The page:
|Gigabyte GA-EP45T-EXTREME P45 Motherboard|
|Reviews - Featured Reviews: Motherboards|
|Written by Olin Coles|
|Tuesday, 05 August 2008|
Page 17 of 17
Having served for eight years in the Marines, I find myself a little desensitized to camouflaged patterns. Back when I reviewed the GA-X48T-DQ6, Gigabyte certainly captured my attention with a large gold retail box. For the GA-EP45T-EXTREME however, a camo-on-black design was used. Call me picky, but I think that even a solid red package would have been more eye-catching. Nevertheless, the information on the package was enough to educate consumers on their purchase, and at the same time gives you a glimpse of what's inside.
Once the retail package is opened, there becomes an undeniable difference as you switch from dark colors to bright pastels with Copper almost everywhere. Much like other Gigabyte motherboards, the use of bright and unique colored plastics paired with brilliant metals seems to work to their advantage. The appearance Gigabyte has developed with the GA-EP45T-EXTREME is certainly one of excitement, and it gives some credit to the Extreme moniker. Just as I indicated within this article, I am yet to see another motherboard look as interesting as one that Gigabyte designs.
Most would agree that the Ultra Durable feature has helped to launch Gigabyte's motherboard technology into mainstream conversation. Now into the second generation of the technology, Gigabyte certainly offers everything available to make sure their product exceeds all expectations. High-quality CPU power modules with ferrite core chokes, lower RDS MOSFETs, and lower ESR solid capacitors all create the basis for the best constructed motherboard Benchmark Reviews has seen to date.
Performance is a measure that takes on several meanings when we look at the GA-EP45T-EXTREME. Overclockers, not the kiddie tweakers who occasionally use software tools, but the hardcore bunch that dream of liquid Nitrogen set-ups, will absolutely love the BIOS on this motherboard. It's extreme... it's advanced... and it's way out of reach for most novices. I personally spent more time getting the right combination of settings in the BIOS than I did testing all of the motherboards. So to that extent, the hardware enthusiast will be pleased.
On the other hand, there are a few sacrifices made on the EP45T that won't exactly cause gamers to swoon. The original design of the P45 Express chipset accommodates either a full 16-lane PCI Express 2.0 graphics port, and I could be wrong about this but it seems to me that reducing the bandwidth down to 8x for each card in a CrossFireX isn't very impressive. You still get one full-speed lane, so single card graphics are uneffected, but CrossFireX is not would it could have been.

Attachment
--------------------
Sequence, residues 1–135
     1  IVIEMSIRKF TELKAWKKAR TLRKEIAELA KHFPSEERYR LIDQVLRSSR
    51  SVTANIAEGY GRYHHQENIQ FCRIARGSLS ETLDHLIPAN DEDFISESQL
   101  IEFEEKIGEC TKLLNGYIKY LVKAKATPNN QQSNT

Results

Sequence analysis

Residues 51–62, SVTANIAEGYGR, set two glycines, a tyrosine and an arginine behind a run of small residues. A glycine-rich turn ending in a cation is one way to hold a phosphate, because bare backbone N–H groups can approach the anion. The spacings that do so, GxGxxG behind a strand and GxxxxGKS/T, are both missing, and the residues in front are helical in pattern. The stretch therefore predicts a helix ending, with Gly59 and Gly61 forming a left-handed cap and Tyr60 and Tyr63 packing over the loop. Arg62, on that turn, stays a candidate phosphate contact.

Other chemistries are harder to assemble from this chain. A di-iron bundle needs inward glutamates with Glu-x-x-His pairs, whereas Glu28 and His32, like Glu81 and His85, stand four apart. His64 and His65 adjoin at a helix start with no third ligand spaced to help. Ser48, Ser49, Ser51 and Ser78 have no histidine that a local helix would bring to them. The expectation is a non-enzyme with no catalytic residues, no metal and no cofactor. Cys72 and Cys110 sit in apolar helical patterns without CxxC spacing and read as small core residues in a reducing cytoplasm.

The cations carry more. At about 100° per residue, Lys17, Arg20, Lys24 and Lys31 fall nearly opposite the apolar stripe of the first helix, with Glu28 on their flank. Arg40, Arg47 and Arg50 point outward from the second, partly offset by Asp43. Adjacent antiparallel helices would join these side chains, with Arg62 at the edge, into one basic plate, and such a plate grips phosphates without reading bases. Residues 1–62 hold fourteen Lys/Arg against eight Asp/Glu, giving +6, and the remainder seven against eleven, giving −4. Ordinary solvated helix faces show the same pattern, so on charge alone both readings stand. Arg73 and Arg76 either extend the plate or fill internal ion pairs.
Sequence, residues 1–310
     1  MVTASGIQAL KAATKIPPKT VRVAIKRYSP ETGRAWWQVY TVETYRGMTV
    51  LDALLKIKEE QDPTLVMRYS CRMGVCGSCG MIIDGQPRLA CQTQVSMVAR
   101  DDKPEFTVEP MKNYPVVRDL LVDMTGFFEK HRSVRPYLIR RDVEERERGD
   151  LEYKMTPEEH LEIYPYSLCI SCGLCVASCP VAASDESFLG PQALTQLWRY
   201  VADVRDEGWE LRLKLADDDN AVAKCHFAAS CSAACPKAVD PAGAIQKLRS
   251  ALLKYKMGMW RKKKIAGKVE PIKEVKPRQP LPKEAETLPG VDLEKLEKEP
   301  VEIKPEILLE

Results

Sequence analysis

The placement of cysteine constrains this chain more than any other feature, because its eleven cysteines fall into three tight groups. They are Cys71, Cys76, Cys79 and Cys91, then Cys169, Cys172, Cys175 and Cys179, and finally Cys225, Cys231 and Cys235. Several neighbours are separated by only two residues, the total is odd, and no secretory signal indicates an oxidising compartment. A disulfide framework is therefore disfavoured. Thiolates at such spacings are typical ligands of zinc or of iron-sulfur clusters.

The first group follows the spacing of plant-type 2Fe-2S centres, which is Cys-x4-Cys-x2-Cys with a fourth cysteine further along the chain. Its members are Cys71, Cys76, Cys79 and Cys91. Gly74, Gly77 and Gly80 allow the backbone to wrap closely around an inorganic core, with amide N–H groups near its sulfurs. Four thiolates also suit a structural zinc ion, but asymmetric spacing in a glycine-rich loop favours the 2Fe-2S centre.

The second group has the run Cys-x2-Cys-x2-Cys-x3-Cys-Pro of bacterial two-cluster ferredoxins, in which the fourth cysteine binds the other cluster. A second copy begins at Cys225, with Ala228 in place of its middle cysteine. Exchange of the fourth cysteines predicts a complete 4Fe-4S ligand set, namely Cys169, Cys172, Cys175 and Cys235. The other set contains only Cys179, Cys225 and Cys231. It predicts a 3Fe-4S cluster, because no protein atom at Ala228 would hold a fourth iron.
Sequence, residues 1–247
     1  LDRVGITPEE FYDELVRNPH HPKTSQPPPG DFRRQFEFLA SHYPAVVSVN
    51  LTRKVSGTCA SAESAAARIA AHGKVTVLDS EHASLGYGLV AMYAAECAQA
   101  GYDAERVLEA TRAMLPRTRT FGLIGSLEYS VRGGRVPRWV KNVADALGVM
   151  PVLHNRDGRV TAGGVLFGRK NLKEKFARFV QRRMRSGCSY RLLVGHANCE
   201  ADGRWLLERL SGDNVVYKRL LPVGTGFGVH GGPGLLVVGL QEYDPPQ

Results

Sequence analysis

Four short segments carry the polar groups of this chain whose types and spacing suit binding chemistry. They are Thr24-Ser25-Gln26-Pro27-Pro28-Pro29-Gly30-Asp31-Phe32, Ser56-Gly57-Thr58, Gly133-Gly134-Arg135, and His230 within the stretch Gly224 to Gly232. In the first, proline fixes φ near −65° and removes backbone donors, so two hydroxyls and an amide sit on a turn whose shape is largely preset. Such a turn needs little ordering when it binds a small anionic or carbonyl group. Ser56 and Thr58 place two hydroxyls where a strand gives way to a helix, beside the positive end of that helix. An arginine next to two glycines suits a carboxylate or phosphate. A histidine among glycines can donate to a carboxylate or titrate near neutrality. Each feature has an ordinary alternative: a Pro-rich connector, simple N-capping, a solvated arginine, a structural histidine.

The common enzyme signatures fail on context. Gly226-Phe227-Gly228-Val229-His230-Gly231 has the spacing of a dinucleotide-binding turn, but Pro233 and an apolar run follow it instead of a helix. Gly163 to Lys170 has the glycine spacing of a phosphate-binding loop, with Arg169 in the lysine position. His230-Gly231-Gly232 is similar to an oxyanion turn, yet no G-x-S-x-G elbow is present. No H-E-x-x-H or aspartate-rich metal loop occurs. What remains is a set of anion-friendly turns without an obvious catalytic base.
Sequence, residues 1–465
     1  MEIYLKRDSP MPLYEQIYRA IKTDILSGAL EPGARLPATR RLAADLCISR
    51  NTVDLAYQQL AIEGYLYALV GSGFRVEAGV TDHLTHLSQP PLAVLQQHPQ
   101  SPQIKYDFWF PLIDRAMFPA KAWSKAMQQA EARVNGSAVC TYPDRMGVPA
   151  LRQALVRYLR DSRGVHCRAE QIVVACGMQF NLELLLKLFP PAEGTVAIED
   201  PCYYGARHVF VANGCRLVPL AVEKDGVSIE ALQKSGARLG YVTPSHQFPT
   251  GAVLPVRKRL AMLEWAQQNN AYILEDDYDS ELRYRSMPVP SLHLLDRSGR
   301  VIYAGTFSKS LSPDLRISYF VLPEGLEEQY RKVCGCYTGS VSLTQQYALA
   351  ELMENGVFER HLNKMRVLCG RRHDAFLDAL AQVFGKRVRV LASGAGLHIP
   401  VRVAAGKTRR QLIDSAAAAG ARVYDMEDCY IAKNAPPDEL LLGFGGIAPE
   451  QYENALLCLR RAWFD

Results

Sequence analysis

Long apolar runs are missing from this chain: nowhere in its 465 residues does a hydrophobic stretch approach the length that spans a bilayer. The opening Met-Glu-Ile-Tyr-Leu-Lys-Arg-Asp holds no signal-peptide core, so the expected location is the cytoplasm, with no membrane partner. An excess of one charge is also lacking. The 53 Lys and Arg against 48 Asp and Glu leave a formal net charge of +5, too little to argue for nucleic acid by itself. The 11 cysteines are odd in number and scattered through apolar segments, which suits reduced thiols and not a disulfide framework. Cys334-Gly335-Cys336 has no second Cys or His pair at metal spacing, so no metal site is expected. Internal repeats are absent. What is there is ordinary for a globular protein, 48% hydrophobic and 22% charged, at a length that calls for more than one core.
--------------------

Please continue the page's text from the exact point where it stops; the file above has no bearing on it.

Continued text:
But the hits don't stop there. SATA port location renders all but two connections useless if you're among the many users who own a dual-slot sized graphics card. Gigabyte could easily remedy this in future PCB design revisions of the EP45T by making all six SATA ports turned sideway for transverse mounting. I'm hopeful on this one, since it wouldn't require change to their production process.
Motherboards, while getting much better at offering everything a person could ever want, have also gradually gotten to be more expensive as well. Long gone are the days of high-end mainboards costing less than $100. It was only back when the Intel 945 chipset launched that top-end motherboards would approach $200. So when it comes to value, I think that the consumer must approach the subject with their own personal list of qualifications.
At the time of this writing NewEgg lists the GA-EP45-EXTREME P45 motherboard for $264.99. This is a higher-end price for a extreme-level motherboard, but without question there's a whole lot that comes with the kit. There hasn't been a solid launch date for Intel's 5-series of motherboards, so hopefully the P45 will be the last chipset update from Intel for at least another several months. Serious overclockers will really see their investment pay off with the EP45T-EXTREME, while gamers with a taste for three-way CrossFireX will also be satisfied. On the other hand, NewEgg still offers the GA-X48T-DQ6 for $309.99, which puts the P45 chipset centered almost $50 less than the X48.
Those who are keen to system tweaking will enjoy the overclocking potential of this chipset, without question. So after all of the tests and benchmarks I've conducted, can I still recommend the P45 chipset? Yes. Do I think that the Gigabyte GA-EP45T-EXTREME is the best delivery of Intels chipset? Not so much. The EXTREME connotation should not be taken lightly, and only the most hardcore overclockers should approach a product like the EP45T-EXTREME. The BIOS is overwhelming to anyone who lacks a deep experience in fine-tweaking hardware parameters, relegating this product to only a very small niche of enthusiasts. Gamers will have a mixed opinion on this motherboard, too. At one end you have full 16-lane bandwidth for single-card graphic solutions, and at the other end you have a CrossFireX configuration crippled by 8x lanes for video data bandwidth.
If you already own either a P35 or X38 chipset than it becomes less of a value decision, and more of a need for special features. Gigabyte loads their GA-EP45T-EXTREME with more additional system functionality and product features than anyone else, but you don't get them for free, and the price may have an impact on budget-conscious overclockers. In conclusion, the Gigabyte GA-EP45T-EXTREME P45 motherboard is the perfect platform for enthusiast overclockers and multi-card gamers, but there are some rough edges to get around that might cause a snag for everyone else.
+ Outstanding BIOS - designed for overclockers!
- Extremely poor SATA2 connection port location/orientation
Final Score: 8.65 out of 10.
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